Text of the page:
Acquiring the social virtues

In the first of his ‘university sketches’ Newman identifies some of the social virtues which contribute to forming the gentleman: ‘the carriage, gait, address, gestures, voice; the ease, the self-possession, the courtesy, the power of conversing, the talent of not offending; the lofty principle, the delicacy of thought, the happiness of expression, the taste and propriety, the generosity and forbearance, the candour and consideration, the openness of hand’.

Some were natural endowments, some were found at all levels of society, some were a direct precept of Christianity; but certainly ‘the full assemblage of them, bound up in the unity of an individual character’, could not be learned from books. They were to be acquired where they were found: in highly civilized society.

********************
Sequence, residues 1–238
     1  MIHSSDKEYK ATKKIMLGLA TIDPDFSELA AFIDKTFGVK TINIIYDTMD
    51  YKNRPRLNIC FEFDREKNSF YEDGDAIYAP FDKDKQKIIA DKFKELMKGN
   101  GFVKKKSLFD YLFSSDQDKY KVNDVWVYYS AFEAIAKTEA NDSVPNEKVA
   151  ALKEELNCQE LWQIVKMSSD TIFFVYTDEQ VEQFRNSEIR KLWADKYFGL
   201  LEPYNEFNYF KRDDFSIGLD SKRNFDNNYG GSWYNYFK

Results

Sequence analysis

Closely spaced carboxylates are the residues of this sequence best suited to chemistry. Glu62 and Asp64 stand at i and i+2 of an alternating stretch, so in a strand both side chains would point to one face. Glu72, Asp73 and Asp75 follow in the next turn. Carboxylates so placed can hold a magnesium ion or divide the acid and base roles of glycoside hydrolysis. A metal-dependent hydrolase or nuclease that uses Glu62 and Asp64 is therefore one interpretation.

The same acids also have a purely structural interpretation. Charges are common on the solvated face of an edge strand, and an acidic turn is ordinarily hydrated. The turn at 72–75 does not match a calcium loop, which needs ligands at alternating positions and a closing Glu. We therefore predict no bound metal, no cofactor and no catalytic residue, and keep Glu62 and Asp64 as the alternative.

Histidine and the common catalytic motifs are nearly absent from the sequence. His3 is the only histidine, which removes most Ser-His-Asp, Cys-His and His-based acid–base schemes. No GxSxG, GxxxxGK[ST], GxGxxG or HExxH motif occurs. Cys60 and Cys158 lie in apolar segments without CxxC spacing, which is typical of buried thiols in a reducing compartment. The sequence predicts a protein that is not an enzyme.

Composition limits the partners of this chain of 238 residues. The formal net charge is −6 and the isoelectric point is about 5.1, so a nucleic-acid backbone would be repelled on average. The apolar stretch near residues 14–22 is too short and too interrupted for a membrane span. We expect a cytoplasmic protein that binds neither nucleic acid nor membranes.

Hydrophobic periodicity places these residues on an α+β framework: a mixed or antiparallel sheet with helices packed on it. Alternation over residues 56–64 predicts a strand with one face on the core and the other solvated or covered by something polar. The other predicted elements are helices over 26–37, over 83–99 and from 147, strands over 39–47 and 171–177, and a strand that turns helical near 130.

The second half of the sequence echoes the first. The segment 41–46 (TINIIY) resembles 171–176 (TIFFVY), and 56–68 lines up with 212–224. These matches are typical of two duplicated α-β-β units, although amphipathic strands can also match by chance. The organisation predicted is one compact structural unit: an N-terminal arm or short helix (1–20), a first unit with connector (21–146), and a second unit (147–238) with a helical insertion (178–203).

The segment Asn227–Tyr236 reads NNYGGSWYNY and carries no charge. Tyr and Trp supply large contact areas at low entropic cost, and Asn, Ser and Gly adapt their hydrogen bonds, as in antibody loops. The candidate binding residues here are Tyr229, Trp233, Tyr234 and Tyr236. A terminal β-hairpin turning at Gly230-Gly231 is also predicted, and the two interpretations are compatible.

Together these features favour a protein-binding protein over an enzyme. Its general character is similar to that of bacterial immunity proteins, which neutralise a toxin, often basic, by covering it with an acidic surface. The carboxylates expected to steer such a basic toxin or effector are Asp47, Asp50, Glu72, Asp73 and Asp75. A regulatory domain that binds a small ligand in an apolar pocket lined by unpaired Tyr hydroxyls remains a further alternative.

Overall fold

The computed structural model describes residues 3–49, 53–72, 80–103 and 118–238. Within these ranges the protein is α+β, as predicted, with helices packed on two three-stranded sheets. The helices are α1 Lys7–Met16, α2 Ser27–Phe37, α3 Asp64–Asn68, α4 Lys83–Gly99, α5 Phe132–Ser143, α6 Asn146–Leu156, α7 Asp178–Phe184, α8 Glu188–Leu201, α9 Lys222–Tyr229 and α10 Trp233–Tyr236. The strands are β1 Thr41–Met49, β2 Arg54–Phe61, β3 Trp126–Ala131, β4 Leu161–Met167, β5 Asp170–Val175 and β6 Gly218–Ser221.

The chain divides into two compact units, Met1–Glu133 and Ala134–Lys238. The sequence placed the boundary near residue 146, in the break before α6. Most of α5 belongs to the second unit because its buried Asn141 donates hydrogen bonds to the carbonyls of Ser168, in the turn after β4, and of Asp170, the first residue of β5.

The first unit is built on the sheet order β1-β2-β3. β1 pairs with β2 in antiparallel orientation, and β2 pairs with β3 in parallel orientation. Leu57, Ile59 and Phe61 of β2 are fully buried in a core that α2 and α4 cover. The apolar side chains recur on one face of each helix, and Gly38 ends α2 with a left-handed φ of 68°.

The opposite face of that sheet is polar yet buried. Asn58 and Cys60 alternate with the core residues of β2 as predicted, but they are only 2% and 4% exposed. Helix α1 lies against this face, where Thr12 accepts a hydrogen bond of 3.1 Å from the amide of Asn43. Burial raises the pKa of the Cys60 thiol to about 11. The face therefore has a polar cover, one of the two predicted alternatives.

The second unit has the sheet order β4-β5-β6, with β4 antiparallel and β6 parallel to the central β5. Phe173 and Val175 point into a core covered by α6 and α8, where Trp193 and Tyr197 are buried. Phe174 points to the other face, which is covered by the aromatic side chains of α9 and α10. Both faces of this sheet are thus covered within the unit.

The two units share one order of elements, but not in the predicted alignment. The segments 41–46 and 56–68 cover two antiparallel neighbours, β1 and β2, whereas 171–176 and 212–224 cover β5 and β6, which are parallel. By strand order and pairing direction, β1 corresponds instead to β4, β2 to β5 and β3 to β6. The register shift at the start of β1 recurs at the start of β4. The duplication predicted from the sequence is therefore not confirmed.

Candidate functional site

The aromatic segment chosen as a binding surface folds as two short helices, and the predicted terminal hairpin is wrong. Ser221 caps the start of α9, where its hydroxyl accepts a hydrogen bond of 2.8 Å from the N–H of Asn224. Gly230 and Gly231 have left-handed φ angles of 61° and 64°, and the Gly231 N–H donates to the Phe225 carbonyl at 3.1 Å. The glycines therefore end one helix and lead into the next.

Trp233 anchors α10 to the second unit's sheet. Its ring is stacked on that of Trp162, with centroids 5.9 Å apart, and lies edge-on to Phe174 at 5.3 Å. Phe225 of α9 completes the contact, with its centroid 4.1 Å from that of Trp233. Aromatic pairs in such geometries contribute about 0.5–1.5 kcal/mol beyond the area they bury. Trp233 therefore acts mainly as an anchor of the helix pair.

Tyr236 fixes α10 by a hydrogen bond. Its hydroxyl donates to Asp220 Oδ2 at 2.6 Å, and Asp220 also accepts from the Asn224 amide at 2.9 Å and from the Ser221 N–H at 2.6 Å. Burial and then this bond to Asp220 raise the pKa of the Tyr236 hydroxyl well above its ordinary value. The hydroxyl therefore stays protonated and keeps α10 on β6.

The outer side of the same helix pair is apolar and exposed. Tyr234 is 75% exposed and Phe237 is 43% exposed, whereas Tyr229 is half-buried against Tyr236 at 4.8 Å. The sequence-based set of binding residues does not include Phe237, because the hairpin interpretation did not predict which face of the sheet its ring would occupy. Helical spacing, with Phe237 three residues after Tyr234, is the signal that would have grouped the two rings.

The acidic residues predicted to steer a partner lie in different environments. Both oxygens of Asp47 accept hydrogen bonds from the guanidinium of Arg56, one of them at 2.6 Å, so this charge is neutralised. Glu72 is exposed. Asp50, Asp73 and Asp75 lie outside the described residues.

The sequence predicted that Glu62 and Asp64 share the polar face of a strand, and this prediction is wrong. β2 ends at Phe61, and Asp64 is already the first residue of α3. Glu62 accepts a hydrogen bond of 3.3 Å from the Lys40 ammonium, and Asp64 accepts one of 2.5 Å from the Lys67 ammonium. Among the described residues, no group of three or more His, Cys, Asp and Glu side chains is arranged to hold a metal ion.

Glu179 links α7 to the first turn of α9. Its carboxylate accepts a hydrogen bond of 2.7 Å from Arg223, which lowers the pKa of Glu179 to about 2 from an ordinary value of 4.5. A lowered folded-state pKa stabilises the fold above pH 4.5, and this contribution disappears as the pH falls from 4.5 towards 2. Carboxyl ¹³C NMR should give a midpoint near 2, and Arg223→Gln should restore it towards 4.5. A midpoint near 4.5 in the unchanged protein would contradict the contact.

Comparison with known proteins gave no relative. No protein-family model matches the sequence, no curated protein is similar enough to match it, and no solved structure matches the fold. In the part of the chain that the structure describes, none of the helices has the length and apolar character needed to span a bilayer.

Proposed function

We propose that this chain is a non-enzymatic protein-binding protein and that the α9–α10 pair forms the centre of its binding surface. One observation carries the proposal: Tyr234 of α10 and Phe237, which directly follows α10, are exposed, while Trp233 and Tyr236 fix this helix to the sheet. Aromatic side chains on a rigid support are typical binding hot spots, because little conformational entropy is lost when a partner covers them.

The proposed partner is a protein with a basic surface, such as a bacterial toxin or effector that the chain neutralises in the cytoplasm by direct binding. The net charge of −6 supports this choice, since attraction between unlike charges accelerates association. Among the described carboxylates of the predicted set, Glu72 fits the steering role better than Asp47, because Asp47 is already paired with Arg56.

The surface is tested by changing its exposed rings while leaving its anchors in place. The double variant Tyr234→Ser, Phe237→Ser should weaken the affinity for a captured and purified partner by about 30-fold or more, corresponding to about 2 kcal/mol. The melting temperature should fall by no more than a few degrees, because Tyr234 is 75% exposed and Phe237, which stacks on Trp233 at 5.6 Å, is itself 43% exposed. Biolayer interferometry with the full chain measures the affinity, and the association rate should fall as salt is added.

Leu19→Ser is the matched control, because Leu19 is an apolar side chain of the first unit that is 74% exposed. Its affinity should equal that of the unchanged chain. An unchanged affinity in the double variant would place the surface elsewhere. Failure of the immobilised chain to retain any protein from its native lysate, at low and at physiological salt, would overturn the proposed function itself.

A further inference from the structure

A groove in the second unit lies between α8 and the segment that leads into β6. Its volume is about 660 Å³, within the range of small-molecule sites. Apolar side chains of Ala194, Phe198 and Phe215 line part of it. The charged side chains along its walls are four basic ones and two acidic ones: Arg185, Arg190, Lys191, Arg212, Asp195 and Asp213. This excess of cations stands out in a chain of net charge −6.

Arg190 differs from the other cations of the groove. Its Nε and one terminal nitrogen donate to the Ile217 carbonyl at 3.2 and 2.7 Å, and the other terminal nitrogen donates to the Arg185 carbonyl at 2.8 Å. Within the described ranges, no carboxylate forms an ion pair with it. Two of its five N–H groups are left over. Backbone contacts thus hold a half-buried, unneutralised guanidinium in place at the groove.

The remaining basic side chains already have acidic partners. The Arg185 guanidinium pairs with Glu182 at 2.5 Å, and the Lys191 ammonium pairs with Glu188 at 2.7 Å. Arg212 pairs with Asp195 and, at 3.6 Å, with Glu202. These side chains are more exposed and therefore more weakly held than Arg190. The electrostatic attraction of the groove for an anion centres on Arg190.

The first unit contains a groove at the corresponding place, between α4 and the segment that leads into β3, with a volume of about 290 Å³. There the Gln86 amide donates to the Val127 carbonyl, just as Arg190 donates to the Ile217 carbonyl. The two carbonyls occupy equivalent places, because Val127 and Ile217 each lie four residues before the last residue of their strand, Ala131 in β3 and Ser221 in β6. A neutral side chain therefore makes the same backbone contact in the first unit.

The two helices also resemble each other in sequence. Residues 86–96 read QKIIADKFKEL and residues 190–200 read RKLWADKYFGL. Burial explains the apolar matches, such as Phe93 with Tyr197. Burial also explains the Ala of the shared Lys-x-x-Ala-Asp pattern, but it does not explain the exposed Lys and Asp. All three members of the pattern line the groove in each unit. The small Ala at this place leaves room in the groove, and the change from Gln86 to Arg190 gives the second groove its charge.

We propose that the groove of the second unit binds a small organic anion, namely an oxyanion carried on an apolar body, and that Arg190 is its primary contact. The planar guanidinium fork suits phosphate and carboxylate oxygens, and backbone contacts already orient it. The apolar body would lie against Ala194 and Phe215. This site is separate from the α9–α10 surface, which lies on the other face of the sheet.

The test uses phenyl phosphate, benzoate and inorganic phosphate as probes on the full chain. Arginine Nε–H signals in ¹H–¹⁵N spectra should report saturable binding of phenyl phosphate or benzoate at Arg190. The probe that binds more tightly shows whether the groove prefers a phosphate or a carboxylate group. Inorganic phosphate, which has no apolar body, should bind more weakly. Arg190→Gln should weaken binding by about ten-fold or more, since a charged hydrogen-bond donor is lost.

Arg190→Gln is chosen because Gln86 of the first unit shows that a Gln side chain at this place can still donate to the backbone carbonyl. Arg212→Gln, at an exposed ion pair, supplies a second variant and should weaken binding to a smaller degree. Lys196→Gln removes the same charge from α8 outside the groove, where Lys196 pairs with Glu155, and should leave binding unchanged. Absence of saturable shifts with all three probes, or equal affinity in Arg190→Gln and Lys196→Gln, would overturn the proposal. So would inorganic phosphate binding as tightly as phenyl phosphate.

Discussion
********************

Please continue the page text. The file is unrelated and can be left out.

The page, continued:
It was only reasonable that ‘you cannot learn to converse till you have the world to converse with; you cannot unlearn your natural bashfulness, or awkwardness, or stiffness, or other besetting deformity, till you serve your time in some school of manners’ (Rise and progress of universities).

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